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A Construction Tour of Clarendon's New Sexy Sangria Bar and Restaurant

Pamplona is set to open later this month

Tierney Plumb is the editor of Eater DC, covering all things food and drink around the nation's capital.

Pamploma, a restaurant with a naughty-and-nice theme, will appropriately open in Clarendon right around Christmas.

Pamplona—named after a city in Spain—is the fourth restaurant from The Social Restaurant Group, whose other local spots include Provision 14 and The Prospect. The space at 3100 Clarendon Blvd. was designed by David Chenault. Basque country dishes will include paellas, chorizo filled bocadillos, papas bravas, horchata flan, and classic pintxos. By the numbers, the 3,600-square-foot space can hold 24 at the entrance bar, 80 in the dining room, and 54 on the patio with windows opening to a second 27-seat bar.

Longtime Arlington residents will have some serious deja vu when inside, as it used to function as veteran karaoke bar SoBe back in the day. Pamploma’s goal is to embrace Arlington’s buzzing nightlife via medieval details, says Chenault, who integrated fabrics, furnishings, and metals inspired by both edgy fashion icon Alexander McQueen and romantic artist Paul LaCroix.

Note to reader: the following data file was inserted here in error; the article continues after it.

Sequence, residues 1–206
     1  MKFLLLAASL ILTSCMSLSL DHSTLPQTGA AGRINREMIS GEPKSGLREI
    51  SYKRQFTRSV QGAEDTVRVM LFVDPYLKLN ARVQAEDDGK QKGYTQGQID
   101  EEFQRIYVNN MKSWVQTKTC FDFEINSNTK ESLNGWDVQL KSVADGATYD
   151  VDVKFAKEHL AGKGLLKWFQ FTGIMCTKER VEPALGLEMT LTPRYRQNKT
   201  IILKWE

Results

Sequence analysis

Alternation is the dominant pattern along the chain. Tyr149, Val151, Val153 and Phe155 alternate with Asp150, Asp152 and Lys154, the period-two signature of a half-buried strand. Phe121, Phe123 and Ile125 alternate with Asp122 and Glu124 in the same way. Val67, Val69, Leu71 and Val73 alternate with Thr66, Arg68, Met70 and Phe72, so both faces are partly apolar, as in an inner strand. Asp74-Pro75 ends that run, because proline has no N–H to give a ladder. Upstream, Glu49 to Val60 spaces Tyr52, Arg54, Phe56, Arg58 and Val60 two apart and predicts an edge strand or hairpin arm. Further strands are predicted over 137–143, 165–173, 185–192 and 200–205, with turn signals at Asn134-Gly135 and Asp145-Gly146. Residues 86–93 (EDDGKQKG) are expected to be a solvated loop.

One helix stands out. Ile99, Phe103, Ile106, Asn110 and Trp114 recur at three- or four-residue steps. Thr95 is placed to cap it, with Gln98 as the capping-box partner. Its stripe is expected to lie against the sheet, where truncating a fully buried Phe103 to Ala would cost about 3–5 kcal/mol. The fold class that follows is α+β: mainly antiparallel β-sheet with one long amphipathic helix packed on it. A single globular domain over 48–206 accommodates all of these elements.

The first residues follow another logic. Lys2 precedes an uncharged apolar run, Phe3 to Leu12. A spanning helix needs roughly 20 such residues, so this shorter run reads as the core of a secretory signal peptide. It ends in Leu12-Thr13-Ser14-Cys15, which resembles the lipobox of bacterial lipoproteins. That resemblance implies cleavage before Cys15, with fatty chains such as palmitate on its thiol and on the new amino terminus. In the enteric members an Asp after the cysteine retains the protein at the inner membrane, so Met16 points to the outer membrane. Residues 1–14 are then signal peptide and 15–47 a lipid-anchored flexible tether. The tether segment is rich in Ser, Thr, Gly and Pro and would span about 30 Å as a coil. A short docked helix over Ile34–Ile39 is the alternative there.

"I thought the mixture would add sexiness. LaCroix does it with a lot of lace, flowers, and corsets, while the naughty side of McQueen includes masks and ponytails," says Chenault, who also did the design of Alexandria's The Majestic this year. Think embossed wallpaper created to look "wet" like lace, black face-shaped lighting fixtures attached to walls, and horns hanging from the ceiling. Also expect reclaimed woods (a DJ will play tracks behind a sliding wooden window) and metallic grates throughout.

Upon entrance, colorful Spanish tiled flooring leads to a nearby long, red bar that resembles a chest of drawers. It purposely matches the hue of sangria, which is destined to be a prominent fixture on the cocktail menu.

Chenault also ordered a stampede-sized amount of small metal bull heads, which will be affixed to doors to mimic Gothic-style entrances with knobs in the form of hands and faces. The arsenal of bull heads will also likely double as purse hooks, he said. "We are playing with the bull but not throwing it in your face," he said.

Executive chef James Martin hails from Restaurant Nora and Michelin-rated establishments. A sampling of dishes under his watch will include butternut squash and truffle churros to serrano ham with creamy oil ice cream. Patrons can eat from a pop-up chef's counter during certain hours.